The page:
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Picture the scene:

Chair: I’ve told the Wilma Trust we will extend our rape crisis helpline to include services for men.

Chief Officer: I’m not sure we should do this for a number of reasons. But most importantly extending the helpline has not been agreed by the board.

Chair: Oh! I emailed the board members about it. Those who replied, which was most of them, I think, agreed with my proposal.

CO: But that’s not the same as a decision made at a formal meeting. And anyway, extending the helpline isn’t in our strategic plan.

Chair: It may not be in the plan, but it’s important to our mission. I know because I wrote the mission when we started. And anyway it should be in the strategic plan to be consistent with equalities legislation.

CO: Be that as it may, it isn’t sound decision-making!

Chair: The board will agree with the change; you’ll see.

In the end? The board ratifies the proposal at its next meeting.

Does the story seem unlikely? It shouldn’t. Founders of charities, whether as chair or chief officer, figure extensively in studies of organisation failure. It is widely argued that governance (and not just in the third sector) is beset with dilemmas.

But of course, problems are just one aspect of governance. More common, and more significant, is the commitment that was evident at the recent 2015 Trustee Conference in Airdrie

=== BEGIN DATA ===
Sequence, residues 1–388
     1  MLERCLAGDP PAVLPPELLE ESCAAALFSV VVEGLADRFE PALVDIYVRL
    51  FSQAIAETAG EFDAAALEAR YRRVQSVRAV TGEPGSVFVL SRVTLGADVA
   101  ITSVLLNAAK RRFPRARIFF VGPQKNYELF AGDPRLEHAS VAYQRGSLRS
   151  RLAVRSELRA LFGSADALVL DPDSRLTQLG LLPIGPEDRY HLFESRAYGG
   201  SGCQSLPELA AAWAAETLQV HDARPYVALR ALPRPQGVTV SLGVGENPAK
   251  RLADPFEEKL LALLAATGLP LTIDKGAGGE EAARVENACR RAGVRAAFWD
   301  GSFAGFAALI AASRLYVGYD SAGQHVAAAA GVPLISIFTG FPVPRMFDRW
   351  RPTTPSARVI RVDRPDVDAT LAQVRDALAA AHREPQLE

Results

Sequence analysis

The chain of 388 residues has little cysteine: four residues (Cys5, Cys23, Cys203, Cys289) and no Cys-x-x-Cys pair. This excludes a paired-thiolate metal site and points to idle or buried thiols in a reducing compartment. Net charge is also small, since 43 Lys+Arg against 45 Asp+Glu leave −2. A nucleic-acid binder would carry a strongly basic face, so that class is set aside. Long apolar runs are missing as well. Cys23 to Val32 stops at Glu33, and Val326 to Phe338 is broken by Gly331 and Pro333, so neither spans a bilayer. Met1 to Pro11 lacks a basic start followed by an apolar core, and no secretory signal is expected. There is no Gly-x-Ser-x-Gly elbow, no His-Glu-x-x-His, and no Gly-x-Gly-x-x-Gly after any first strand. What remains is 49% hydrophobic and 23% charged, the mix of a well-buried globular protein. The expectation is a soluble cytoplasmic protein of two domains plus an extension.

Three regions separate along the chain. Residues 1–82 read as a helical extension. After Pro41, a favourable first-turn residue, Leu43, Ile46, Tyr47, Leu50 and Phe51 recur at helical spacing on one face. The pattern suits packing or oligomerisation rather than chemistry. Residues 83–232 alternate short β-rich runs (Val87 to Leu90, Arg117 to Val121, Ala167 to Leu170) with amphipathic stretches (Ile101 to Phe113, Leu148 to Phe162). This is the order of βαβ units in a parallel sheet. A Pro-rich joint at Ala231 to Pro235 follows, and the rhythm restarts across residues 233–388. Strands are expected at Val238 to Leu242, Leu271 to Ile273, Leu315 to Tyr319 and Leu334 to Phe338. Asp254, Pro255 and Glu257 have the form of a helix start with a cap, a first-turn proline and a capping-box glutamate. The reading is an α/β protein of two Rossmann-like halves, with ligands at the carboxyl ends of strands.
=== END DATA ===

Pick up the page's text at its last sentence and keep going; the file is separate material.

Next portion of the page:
Those in attendance argued for a view that recognises the differences in how people and groups work together. Relationships are complex, particularly so if the roles are not straightforward, and problems can arise when trustees hold differing views. Individuals need to harness their passion and interests as trustees and and make sure they use all the tools available to ensure they govern well.

How then do you have a sound board? Here’s my top tips:

  1. Look after relationships and take the time to talk about them.
  1. Hold away days.
  1. Promote learning and development for all in the organisation, e.g., SCVO’s course on getting to grips with governance
  1. Be fair employers.
  1. Where appropriate, make use of outside consultants.
  1. Seek help when relationships become strained, and well before they break down.
  1. Look after roles and regularly review your governance arrangements. And seek guidance when you need to.
  1. Talk about governance. This will encourage accountability and help build a healthy consensus.
  1. Finally, celebrate achievements! While it’s easier to talk about problems, it’s really important to recognise what you’re doing right.